Tracking and proving the provenance of everything from organic chickens and ethically produced diamonds to college degrees will be the top use of blockchain technology over the next decade, accounting for a nearly $1 trillion boost in global GDP, according to a new report from PwC.
The consulting and accounting giant said in a study released on Oct. 13 that provenance will be far and away the largest use of blockchain, which it believes will have a $1.76 trillion impact on the global economy by 2030.
“Serious activity around blockchain is cutting through every industry across the globe right now,” said Steve Davies, blockchain leader for PwC UK, which produced the report. “It’s driven by an acute need to win trust in the digital world. Businesses are rethinking their operations and are discovering not only is blockchain technology key to delivering trust, but it’s an opportunity open to all.”
Certification, recruitment, commercial transactions and the way they secure, share, and use data are the leading uses for blockchain, as 61% of CEOs said that the digital transformation of their business is a top-three priority.
China and the U.S. will be the biggest winners, with China getting a $440 billion boost, by 2030, while the U.S. will add $407 billion to its GDP by 2030, said PwC. Germany, Japan, the U.K., India, and France will all benefit by at least $50 billion.
The top five uses
While arguing that blockchain has the potential to impact almost every industry, from heavy industries to food and fashion, PwC found that these five uses have the biggest potential impact.
Provenance: $962 billion
Provenance is far and away the biggest use, with a potential impact more than twice that of any other and the potential to strengthen transparency in any supply chain.
“Take retailers—they can track the provenance of products, enabling them to build customer loyalty and trust through transparency. If they want to demonstrate that a product is environmentally friendly, or that everyone involved in its production was paid and treated fairly, they can. Counterfeit, stolen or contaminated goods can be flagged within seconds. The technology provides a safe and transparent journey for goods, allowing organizations to prove they live up to their values.Anthony Bruce, Partner and Pharmaceutical and Life Sciences Leader, PwC UK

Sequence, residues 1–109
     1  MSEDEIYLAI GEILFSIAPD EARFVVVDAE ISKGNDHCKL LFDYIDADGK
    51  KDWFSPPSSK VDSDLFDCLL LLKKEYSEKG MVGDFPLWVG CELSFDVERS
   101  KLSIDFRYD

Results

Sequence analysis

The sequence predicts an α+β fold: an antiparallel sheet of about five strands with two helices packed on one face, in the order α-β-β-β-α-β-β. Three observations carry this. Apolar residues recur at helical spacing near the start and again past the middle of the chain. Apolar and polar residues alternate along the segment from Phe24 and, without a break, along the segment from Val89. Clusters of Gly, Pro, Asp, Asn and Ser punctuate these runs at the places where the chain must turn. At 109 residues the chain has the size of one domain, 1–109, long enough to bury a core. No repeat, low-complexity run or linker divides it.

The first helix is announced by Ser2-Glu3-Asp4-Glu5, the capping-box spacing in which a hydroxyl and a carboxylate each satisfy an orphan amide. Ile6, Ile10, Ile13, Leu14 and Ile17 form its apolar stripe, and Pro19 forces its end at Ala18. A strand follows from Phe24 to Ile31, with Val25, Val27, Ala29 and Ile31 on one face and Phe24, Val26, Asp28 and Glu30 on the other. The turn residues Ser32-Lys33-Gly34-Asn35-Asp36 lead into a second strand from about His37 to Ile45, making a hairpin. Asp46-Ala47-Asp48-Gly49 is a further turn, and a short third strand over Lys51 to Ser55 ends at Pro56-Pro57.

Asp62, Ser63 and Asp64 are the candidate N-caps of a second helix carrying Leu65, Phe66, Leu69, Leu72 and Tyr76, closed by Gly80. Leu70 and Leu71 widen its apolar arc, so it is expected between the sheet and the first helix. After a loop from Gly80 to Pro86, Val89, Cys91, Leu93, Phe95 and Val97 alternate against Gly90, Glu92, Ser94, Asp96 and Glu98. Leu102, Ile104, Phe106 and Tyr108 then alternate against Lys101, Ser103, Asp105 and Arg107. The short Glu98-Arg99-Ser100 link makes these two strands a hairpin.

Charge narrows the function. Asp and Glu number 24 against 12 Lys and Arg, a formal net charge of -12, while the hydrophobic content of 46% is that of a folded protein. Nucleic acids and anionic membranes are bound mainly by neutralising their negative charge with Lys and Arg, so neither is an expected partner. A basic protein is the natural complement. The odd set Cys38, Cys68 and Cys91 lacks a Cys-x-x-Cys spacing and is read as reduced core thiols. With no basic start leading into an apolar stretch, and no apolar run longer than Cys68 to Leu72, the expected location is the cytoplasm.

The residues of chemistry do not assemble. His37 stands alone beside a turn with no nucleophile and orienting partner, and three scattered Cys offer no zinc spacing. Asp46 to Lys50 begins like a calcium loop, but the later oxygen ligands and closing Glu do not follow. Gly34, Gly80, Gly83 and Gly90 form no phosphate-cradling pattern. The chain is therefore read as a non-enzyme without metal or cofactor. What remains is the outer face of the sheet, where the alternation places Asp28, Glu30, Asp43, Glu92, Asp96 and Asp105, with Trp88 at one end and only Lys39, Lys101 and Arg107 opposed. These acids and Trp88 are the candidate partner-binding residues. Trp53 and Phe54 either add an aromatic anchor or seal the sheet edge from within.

Payments and financial instruments: $433 billion
From central bank digital currencies to stablecoins, blockchain technology can improve national payment infrastructures and transform cross-border payments with lower fees, near-instantaneous transactions and greater financial inclusion, to say nothing to cutting down fraud and money laundering.
“As the regulatory landscape becomes better defined, regulated financial institutions are more confidently exploring how they can adopt blockchain and crypto assets. Yet most people won’t even realize they are using blockchain… These powerful innovations will transform payments infrastructure for people, businesses and governments.”Lucy Gazmararian, Crypto and FinTech Advisory, PwC Hong Kong
Identity: $224 billion
From safeguarding personal credentials ranging from drivers’ licenses to professional credentials, blockchain can “bring vast cost efficiencies” while reducing fraud and identity theft.
“Individuals want to be able to access and share their professional qualifications anywhere, anytime, and organizations want to know they can trust those qualifications. As the education sector accelerates its move into digital learning, particularly in light of COVID-19, it is embracing new technology with greater urgency.”Caitroina McCusker, Education Consulting Leader, PwC UK
Contracts and dispute resolution: $73 billion
Blockchain technology can improve the flow of commercial agreements, bringing together ledgers, contracts and payments while flagging disputes.
“[S]mart contracts … can synchronize the release of payments with the delivery of goods, services, or even financial instruments. The biggest advantages are in the signing and filing: the contracts don’t need to be signed in person, and the technology automatically creates an audit trail. This saves time, lowers costs and removes friction to improve the flow of any commercial agreement, within and across borders.”Guenther Dobrauz, Global Financial Services Leader, PwC Switzerland
Customer engagement: $54 billion
By breathing new life into traditional, card-based loyalty and reward programs, blockchain can boost engagement by integrating with customer relationship management (CRM) platforms like Salesforce.
“Blockchain could prevent loyalty programs from falling out of use. Loyalty and reward programs were created in the 1980s when we bought things with cash. The idea is still sound, but redemption rates are low. Consumers just aren’t motivated to use them as much as they could. The younger generation is likely to be carrying around nothing more than a smartphone as a means of payment. They don’t want a wallet full of plastic cards.”Haydn Jones, Senior Blockchain Market Specialist, PwC UK